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Old 09-21-2019, 10:04 AM   #55
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Yet you ignore the possibility that they will change the tax rules to put a tax on ROTH withdrawals.

See, when you set about to make plans to guard against potential bad risks you have to make allowances for _all_ reasonable risks, not just the ones that have a favorable outcome.

And there's an example of just that.
SS benefits were not subject to income tax originally. Reasonable, since you paid the SS tax with after-tax dollars. Then they changed the tax rules and it suddenly became taxed.
I don't think there's a chance in hell that the gov't will start taxing Roth withdrawals. Since I'm in retireby90's corner with doing the conversions ahead of reaching RMD age, I'm obviously willing to take that chance. If I'm wrong I'll be really pissed, but it would have been worth the risk.

Much more likely are things like a VAT, or even the mythical wealth tax that keeps getting floated. But either of those would hit you whether you have your money in a Roth or a tIRA, so it's a wash. And, if by some chance they do start taxing Roth withdrawals, I suspect it will come long after regular tax brackets have been massively inflated. In which case getting the money from the tIRA to the Roth at these current rates will look pretty smart.
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Old 09-21-2019, 10:04 AM   #56
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Midpack,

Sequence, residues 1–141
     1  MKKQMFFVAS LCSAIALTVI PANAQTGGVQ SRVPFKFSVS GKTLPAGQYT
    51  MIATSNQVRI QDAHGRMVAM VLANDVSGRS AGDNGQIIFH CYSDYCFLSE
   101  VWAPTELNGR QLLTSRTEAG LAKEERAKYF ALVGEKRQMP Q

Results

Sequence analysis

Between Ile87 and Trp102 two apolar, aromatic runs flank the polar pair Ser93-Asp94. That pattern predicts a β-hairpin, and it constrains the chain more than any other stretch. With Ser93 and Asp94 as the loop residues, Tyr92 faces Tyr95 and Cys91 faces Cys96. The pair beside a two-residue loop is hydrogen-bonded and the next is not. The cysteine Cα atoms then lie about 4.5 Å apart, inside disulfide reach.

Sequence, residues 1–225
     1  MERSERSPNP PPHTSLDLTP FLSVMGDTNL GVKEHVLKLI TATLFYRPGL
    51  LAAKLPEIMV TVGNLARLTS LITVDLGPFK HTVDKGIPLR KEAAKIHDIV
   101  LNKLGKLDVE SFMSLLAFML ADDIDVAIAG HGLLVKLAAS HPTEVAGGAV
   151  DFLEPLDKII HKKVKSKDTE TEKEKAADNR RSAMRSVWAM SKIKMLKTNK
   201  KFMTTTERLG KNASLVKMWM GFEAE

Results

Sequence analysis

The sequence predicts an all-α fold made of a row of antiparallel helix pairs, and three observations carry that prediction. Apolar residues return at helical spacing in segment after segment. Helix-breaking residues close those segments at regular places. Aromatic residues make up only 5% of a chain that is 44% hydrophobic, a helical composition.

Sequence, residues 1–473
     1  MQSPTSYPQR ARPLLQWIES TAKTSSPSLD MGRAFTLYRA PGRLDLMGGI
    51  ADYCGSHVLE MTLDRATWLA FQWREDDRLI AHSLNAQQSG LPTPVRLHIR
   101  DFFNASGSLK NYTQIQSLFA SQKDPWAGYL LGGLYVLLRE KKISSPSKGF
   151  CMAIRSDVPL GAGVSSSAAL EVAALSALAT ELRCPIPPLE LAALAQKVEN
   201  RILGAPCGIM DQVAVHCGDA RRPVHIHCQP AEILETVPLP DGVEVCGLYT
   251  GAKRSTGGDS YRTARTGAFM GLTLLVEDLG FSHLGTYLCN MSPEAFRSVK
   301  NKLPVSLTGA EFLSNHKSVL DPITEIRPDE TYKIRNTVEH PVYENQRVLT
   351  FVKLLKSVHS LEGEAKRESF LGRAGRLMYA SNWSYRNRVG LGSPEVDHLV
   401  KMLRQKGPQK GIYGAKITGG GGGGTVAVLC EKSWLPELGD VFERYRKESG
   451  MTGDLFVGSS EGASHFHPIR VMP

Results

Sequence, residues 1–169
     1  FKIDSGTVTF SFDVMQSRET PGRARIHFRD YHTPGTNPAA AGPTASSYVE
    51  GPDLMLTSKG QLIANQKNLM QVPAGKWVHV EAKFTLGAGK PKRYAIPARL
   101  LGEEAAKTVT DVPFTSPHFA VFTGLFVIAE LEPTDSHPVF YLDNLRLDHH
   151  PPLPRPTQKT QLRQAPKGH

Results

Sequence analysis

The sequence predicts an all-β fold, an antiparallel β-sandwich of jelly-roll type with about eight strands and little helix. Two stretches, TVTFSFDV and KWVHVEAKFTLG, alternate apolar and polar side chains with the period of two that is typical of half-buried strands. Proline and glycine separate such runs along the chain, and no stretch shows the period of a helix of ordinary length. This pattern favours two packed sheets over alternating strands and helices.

Here are some links to what I have been using:

https://heritagewealthplanning.com/

https://www.youtube.com/channel/UCSE...rKPoaU9z0_XbmA

https://www.rightcapital.com/

RightCapital's website shows all the features.

Eric
Thank you very much. I've watched quite a few of the Heritage Wealth Planning YouTube videos. He's kind of quirky, but he seems knowledgeable and no nonsense, so worthwhile watching. I may try that.

I've also watched several Money Evolution videos, and they talk about all the right retirement income-tax issues so I may give them a look. However, they're upfront that they're looking for ongoing accounts so getting a one time plan from them (available) will probably have just enough hooks/missing pieces to annoy me...
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Old 09-21-2019, 10:15 AM   #57
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With iORP I think it comes down to wanting proof it's right, even though I have no reason to doubt it. I have done several online calculators like Vanguard (no longer available) and others over the years using our numbers and they've all come back suggesting Roth conversions would be a wash in the past using the assumptions I'd want them to use - we're going to take about the same tax hit either way. I've never understood why iORPs results are consistently much different, every time I've run it it recommends Roth conversions.

I realize I'm planning on a very conservative WR, but iORP tells me our constant spending income is between $188K and $246K depending on assumptions, where we're used to spending about $70K year. So the results seem like they're from another planet. If iORP would let me set an income for comparison that might help - yes, I realize I can do that by setting a (large) surplus. On one pass thru, I accidentally left an extra "0" and put in a surplus of $10,000,000 - and it said we could manage a constant spending income of $61K/year!!! That just doesn't compute to me...